The Roads Section of Abu Dhabi Municipality, is in charge of the design and construction of all transportation facilities within the City of Abu Dhabi and its immediate vicinity. Areas outside the city of Abu Dhabi are generally the responsibility of the Department of Public Works. In the past two decades, the Roads Section has developed transportation projects with an approximate total value of DH 10 billion. The Transportation & Roads Improvement Program (TRIP) is the major Road Program of the Roads Section with more than 50 large road improvement projects already completed. And 17 more currently under design or construction. In support of meeting the challenges presented in managing the large annual road improvement program, the Roads Section is embarking on a GIS development and implementation project. This implementation plan will review, plan, develop, and analyze the various components that meet the technical, organizational, and operational requirements of a comprehensive GIS for transportation (GIS-T) infrastructure for the Roads Section of Abu Dhabi Municipality. The implementation shall begin with a set of precursor or initiation tasks that establish the basis for full implementation. These tasks include establishment of standards, system acquisition procedure and conversion of existing data sources such as As-built drawings for all the completed projects. As-built drawings contain attribute information apart from spatial data. This information is available in Municipality archives or with the consultants and contractors. At this early stage, the Consultant is in the process of developing prototype, reviewing the information available and identifying useful data, spatial and attribute, and devising methods to convert existing paper based data into the proposed GIS system. The Roads Section would like to share data with all other departments who are currently involved in any GIS activity. This may involve borrowing available data from departments with advanced GIS activities such as; Town Planning Department, the Military Survey Department, Sewerage Project Committee / Drainage Network that have already acquired some GIS systems and developed some GIS databases.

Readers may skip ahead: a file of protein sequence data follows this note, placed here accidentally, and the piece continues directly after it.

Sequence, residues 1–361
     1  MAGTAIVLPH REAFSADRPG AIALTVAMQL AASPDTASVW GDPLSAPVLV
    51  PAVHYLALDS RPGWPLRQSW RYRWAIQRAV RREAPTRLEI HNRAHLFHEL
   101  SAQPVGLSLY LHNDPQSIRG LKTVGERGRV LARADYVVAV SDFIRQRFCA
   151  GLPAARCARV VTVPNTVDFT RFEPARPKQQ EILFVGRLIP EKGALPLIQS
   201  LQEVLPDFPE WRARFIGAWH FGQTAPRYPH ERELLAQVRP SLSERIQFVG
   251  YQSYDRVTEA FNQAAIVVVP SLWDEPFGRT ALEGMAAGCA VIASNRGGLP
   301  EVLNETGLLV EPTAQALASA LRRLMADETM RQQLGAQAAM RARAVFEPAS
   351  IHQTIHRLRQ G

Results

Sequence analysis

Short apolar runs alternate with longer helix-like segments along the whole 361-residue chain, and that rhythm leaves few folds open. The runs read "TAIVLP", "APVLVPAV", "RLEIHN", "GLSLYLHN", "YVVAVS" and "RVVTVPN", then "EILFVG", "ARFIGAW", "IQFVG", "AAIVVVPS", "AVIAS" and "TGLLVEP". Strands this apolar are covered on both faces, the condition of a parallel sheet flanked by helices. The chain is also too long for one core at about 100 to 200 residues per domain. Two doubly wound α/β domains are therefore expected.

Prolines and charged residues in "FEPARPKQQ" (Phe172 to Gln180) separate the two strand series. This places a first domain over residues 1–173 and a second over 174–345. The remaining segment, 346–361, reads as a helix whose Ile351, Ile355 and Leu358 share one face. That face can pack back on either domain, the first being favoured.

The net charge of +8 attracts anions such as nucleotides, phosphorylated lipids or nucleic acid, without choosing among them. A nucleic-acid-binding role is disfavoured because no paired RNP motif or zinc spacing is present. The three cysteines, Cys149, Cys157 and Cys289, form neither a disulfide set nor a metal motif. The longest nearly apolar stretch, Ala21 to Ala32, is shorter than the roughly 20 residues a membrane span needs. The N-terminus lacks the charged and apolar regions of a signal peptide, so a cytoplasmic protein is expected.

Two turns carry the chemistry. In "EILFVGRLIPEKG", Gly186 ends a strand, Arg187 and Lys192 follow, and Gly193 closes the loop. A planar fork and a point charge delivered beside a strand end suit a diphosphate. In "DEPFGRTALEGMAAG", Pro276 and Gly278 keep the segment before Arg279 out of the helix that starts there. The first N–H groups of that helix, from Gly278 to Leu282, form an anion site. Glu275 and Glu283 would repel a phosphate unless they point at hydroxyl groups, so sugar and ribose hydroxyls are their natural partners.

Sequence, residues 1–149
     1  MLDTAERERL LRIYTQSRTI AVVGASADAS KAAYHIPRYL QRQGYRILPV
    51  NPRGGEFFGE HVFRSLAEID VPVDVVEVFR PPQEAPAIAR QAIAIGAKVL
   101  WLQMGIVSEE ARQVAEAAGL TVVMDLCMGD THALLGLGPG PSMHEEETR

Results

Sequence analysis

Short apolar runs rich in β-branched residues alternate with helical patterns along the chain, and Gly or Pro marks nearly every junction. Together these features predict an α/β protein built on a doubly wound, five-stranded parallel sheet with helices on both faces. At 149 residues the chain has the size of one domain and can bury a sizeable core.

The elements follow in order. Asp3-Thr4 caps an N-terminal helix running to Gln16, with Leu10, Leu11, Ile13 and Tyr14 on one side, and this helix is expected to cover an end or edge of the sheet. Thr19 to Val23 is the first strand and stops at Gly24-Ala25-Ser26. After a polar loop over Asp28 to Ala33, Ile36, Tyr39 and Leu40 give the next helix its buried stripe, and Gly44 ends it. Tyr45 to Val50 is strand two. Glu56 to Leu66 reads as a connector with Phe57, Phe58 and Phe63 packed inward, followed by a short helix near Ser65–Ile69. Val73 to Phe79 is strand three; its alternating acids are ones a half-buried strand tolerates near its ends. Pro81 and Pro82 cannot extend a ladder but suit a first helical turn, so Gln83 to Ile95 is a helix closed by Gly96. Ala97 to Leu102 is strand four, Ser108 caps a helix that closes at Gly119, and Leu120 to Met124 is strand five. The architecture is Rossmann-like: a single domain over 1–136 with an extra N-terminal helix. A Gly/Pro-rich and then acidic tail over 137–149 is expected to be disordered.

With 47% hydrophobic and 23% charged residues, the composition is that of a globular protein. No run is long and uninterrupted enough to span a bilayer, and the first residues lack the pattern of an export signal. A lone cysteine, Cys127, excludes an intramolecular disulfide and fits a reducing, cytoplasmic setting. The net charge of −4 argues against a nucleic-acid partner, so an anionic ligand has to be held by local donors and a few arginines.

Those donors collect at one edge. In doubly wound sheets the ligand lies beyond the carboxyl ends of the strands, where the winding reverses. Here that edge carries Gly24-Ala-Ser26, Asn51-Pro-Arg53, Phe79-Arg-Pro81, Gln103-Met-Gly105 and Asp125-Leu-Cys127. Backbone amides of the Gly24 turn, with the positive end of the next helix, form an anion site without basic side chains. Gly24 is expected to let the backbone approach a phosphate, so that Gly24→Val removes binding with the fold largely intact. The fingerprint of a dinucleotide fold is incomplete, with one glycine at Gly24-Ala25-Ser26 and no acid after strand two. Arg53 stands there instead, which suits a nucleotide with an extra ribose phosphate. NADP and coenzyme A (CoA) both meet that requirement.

4.0 Current Technological Trends in GIS